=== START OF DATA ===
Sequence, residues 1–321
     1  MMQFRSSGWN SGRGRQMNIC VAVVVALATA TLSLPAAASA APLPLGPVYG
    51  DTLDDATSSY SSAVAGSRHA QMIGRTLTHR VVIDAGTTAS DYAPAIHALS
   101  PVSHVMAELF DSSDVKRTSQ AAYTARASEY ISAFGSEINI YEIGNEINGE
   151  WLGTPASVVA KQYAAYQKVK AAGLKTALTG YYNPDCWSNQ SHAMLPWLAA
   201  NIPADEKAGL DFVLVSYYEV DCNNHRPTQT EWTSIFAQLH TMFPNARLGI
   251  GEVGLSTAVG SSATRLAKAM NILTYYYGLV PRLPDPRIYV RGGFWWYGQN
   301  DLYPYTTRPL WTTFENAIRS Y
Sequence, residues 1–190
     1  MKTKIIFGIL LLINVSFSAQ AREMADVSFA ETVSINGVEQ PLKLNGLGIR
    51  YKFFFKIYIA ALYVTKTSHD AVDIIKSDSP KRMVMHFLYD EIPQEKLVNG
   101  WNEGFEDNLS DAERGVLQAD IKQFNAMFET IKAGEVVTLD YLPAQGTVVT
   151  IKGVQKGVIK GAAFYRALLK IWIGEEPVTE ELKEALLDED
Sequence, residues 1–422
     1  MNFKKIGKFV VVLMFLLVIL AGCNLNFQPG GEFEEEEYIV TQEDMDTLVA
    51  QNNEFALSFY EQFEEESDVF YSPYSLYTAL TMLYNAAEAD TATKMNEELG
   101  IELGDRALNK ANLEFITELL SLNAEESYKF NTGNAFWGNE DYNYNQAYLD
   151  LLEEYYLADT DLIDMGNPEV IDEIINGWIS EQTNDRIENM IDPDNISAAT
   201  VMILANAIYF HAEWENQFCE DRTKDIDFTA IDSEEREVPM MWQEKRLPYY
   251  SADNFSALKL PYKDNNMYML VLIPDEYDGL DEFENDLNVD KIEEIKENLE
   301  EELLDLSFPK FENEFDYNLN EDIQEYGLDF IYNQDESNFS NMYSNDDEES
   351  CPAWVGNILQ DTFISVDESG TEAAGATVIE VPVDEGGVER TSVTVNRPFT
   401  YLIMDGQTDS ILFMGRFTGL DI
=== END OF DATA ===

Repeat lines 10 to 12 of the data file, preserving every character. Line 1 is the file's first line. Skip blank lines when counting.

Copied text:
     1  MKTKIIFGIL LLINVSFSAQ AREMADVSFA ETVSINGVEQ PLKLNGLGIR
    51  YKFFFKIYIA ALYVTKTSHD AVDIIKSDSP KRMVMHFLYD EIPQEKLVNG
   101  WNEGFEDNLS DAERGVLQAD IKQFNAMFET IKAGEVVTLD YLPAQGTVVT